Kendall’s R/O locked on, but a few seconds later the bogey completely disappeared off the scope and no more window was detected. According to witnesses on the ground, the intruder, a Nakajima Ki.44 “Tojo”, crashed and the debris was scattered over a wide area. This was not listed as an official victory since the war was officially over, but the fact remains that “Lady in the Dark” scored the final two aerial victories of World War II without firing its guns.

  2. Hongseob CHOI, your model is excellent. It looks bigger than 1/72nd scale due to your great finishing and weathering. Well done, my friend!

    Tom, this “slice” of history is once again very interesting. Thanks for sharing the facts.

  3. The “birdcage” turned out exceptionally well (especially with a toothpick in 72nd scale) – the best way to avoid ‘masking hell’ is a canopy mask set – if you can find ’em – but it doesn’t look like you needed it anyway. great overall work, sir.

  4. Beautiful model! I know some purists lament the use of light washes on dark schemes, but I love the way it highlights details that would otherwise complete disappear. The paint and weathering work is fantastic, and I’m with you – I paint most canopies the same way (all I build is 1/72, so some of those complex canopies would be a nightmare to mask!).

  5. Nice job. I too use the toothpick tech.

  6. First, let me say you are an incredibly talented builder. As stated above, I really can’t believe you achieve this detail and realism in 1:72 scale. You are a true artist.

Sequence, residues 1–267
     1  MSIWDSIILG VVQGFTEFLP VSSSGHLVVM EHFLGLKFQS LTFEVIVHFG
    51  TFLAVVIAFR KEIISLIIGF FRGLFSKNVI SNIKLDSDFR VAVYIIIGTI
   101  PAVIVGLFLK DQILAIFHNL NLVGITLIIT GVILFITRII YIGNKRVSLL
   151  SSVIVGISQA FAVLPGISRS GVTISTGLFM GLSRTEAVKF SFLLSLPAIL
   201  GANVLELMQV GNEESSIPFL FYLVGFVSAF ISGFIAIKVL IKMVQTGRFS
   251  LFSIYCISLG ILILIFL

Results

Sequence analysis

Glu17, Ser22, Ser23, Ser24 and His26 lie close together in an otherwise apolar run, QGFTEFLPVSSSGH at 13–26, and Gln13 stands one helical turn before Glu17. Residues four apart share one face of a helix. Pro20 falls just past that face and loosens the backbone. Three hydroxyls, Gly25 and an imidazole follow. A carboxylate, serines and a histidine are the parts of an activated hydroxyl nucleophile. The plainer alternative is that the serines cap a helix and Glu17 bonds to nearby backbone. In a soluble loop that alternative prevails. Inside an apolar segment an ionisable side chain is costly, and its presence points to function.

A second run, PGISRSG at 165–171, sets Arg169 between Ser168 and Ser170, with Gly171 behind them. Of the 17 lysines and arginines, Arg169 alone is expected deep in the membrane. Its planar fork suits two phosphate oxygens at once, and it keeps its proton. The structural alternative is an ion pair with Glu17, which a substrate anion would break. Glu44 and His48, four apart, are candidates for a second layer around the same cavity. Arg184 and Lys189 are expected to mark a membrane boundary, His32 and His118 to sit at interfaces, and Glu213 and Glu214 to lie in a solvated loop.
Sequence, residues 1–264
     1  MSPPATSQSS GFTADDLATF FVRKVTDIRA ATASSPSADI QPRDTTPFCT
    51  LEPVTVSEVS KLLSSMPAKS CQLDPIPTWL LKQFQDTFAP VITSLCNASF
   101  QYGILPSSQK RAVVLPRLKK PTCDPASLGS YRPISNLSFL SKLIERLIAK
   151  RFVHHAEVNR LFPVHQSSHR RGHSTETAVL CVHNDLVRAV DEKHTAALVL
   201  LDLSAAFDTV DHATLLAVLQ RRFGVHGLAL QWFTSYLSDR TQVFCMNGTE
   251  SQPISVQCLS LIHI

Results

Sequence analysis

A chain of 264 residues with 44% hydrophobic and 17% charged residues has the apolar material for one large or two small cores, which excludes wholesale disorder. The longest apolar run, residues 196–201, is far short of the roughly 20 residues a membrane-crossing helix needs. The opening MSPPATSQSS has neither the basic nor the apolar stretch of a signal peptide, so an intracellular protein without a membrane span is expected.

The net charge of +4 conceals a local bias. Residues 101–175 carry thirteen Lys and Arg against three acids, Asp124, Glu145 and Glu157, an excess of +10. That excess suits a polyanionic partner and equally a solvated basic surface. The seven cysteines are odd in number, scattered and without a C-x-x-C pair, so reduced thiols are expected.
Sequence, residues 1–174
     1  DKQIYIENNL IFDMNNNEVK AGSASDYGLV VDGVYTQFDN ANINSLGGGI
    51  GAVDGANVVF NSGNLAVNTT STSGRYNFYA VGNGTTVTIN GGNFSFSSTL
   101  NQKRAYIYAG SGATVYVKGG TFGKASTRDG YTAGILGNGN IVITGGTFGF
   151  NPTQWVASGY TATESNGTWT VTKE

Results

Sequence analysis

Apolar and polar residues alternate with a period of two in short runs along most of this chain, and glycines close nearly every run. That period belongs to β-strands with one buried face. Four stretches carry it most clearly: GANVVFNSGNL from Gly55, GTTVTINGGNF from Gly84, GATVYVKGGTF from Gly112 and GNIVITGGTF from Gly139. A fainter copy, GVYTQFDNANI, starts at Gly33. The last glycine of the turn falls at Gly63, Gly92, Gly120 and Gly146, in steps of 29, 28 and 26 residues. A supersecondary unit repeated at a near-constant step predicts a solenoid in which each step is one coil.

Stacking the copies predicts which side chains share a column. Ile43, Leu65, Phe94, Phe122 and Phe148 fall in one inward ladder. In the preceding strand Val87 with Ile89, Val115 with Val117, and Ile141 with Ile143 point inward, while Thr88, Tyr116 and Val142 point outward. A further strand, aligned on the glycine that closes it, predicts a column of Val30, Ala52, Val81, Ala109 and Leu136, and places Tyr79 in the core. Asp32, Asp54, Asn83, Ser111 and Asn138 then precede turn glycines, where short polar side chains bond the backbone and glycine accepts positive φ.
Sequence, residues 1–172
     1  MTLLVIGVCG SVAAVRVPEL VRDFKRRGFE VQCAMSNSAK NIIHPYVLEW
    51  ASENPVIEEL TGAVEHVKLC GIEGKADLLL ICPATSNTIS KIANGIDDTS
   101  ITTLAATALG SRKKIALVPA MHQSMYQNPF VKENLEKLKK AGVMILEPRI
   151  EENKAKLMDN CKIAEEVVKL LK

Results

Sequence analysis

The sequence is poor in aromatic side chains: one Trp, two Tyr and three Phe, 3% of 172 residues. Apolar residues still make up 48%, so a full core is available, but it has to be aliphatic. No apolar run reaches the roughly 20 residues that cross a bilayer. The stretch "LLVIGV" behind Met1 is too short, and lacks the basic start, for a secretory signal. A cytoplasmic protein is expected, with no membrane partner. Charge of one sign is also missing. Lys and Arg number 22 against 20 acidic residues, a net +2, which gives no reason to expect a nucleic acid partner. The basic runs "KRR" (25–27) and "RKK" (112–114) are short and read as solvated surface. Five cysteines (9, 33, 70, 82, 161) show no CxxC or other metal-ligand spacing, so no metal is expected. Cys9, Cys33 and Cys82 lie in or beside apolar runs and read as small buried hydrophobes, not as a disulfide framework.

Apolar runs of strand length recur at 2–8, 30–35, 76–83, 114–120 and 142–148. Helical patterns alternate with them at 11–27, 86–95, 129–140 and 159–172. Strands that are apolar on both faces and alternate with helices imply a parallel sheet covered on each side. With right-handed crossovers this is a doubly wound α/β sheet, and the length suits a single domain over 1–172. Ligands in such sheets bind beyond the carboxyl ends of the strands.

Second, I’d enjoy a bit more explanation on your canopy technique. Sounds great and would like to understand the method.

    Keep building, you are a true craftsman.

    • You’re too generous! Thank you for your compliment Matt. I’ll do my best for future build!
      Toothpick technic is nothing more, brush acrylic paint (I used Tamiya’s one) and scratch with toothpick where sticks out of designated area

  7. Another fantastic build! Ah toothpicks you say.

  8. Looks really great. Black is tough to get it to look realistic but you captured the look with all the different techniques u used. Really nice looking and weathered well. Does not look small as 1/72..I would of guessed bigger scale. Love the toothpick method for canopies. That saves the day for me all the time when doing intricate canopies. WOrks great if you use acrylics.

  9. Excellent, sir!

  10. Hongseob, as others have said, a very attractive model. It’s good to see someone attempt several different techniques on one project.

    My personal preference, however, is that the technique(s) should not overwhelm the subject, and I think in a couple of areas, for me, you’re drifting just over that line.

    This is not to detract from the overall confidence you’ve displayed in the project as presented. It’s a good subject study in a difficult scale.